|Publication number||US8235838 B2|
|Application number||US 13/073,576|
|Publication date||Aug 7, 2012|
|Filing date||Mar 28, 2011|
|Priority date||Jul 24, 2002|
|Also published as||EP1545718A1, EP1545718A4, EP1545718B1, US6890269, US7704158, US7931543, US7955183, US8747249, US20040018886, US20040018887, US20050049072, US20070265106, US20100160069, US20100160071, US20110172021, US20130035176, WO2004009186A1|
|Publication number||073576, 13073576, US 8235838 B2, US 8235838B2, US-B2-8235838, US8235838 B2, US8235838B2|
|Inventors||Bruce D. Burrows|
|Original Assignee||Nike, Inc.|
|Export Citation||BiBTeX, EndNote, RefMan|
|Patent Citations (73), Non-Patent Citations (4), Referenced by (13), Classifications (18), Legal Events (2)|
|External Links: USPTO, USPTO Assignment, Espacenet|
This application is a continuation of co-pending U.S. patent application Ser. No. 12/718,824 filed Mar. 5, 2010, which application is a continuation of U.S. Pat. No. 7,704,158 issued Apr. 27, 2010 and filed Dec. 18, 2006, which is a continuation of U.S. patent application Ser. No. 10/956,205 filed Sep. 30, 2004 (now abandoned), which application is a divisional of U.S. patent application Ser. No. 10/623,054 filed Jul. 17, 2003 (now abandoned), which applications are based upon and claim priority to U.S. Provisional Patent Appln. No. 60/398,548 filed Jul. 24, 2002, U.S. Provisional Patent Appln. No. 60/438,254 filed Jan. 2, 2003, U.S. Provisional Patent Appln. No. 60/438,040 filed Jan. 2, 2003, and U.S. Provisional Patent Appln. No. 60/467,109 filed Apr. 30, 2003.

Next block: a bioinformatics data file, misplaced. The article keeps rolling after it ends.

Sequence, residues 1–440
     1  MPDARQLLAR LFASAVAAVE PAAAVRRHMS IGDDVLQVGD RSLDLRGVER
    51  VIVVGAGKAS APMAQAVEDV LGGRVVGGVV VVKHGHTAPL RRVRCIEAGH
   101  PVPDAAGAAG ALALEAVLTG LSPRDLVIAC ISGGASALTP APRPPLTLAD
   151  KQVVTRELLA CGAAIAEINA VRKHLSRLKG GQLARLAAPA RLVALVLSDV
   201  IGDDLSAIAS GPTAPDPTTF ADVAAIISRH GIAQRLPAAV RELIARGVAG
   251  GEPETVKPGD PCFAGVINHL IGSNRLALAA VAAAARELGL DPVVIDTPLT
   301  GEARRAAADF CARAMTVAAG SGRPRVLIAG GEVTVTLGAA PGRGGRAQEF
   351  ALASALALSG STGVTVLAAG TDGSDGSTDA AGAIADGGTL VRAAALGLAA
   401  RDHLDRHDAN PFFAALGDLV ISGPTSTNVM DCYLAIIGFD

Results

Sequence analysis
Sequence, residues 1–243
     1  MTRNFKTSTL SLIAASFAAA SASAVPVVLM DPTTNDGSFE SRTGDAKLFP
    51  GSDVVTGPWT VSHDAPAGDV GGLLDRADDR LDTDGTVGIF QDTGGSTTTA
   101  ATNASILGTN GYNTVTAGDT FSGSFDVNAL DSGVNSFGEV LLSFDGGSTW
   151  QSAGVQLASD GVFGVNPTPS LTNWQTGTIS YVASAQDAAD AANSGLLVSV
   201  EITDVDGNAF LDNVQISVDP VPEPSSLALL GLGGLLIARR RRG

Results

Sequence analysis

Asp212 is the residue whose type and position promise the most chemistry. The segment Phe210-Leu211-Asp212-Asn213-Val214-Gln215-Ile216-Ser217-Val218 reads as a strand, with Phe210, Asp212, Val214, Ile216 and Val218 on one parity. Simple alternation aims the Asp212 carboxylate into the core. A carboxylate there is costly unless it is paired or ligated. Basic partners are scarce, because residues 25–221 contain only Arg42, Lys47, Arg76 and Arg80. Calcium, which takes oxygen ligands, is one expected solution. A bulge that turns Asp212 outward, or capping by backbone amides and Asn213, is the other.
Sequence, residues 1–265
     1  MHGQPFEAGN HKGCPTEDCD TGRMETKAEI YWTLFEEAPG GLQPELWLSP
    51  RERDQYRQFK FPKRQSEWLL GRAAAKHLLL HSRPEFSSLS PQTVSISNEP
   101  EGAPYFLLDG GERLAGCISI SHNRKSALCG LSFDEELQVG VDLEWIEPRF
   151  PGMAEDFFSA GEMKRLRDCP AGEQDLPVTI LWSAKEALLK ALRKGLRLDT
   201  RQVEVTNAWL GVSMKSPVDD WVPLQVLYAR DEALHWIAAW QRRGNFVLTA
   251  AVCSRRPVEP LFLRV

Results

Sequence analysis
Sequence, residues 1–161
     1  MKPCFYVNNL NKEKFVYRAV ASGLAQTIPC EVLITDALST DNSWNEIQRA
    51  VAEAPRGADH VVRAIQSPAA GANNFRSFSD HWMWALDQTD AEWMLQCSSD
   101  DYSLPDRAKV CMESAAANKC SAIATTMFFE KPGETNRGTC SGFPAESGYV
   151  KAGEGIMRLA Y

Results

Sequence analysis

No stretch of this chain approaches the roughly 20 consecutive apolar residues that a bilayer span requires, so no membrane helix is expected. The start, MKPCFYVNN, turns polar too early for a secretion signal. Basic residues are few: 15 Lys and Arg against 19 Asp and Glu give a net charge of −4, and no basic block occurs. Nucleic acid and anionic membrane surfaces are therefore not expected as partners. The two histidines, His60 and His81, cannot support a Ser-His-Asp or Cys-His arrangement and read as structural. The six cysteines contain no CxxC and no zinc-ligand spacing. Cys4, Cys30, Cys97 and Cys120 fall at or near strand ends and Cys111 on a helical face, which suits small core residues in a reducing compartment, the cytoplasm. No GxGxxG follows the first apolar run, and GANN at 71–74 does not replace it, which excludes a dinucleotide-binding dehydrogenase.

This invention relates generally to improvements in golf clubs. More particularly, this invention relates to an improved temporary connection between a golf club shaft and an additional component such as a golf club head to facilitate customized golf club construction to suit the needs and preferences of an individual golfer.
Golf clubs are well known in the art, to include a club head such as a wood-type or iron-type club head mounted at a lower end of an elongated club shaft. An upper end of the club shaft has a resilient grip mounted thereon and designed for comfortable manual grasping and swinging of the golf club to strike a golf ball. In modern golf clubs, the wood-type or iron-type club head is commonly formed from a cast or machined metal or metal alloy such as stainless steel, titanium alloy, and the like. The club shaft has historically been formed from a selected metal or metal alloy, while more recent golf club designs have incorporated a nonmetallic club shaft formed from a composite material such as a graphite-based composite or the like. One advantage provided by such graphite-based composite club shaft materials is that the stiffness or flexibility (whip) characteristics of the club shaft can be variably selected in accordance with the preferences and skill level of an individual golfer. That is, by providing a golfer with a selection of club shafts having a range of different whip characteristics, the golfer can custom-tailor his or her set of golf clubs.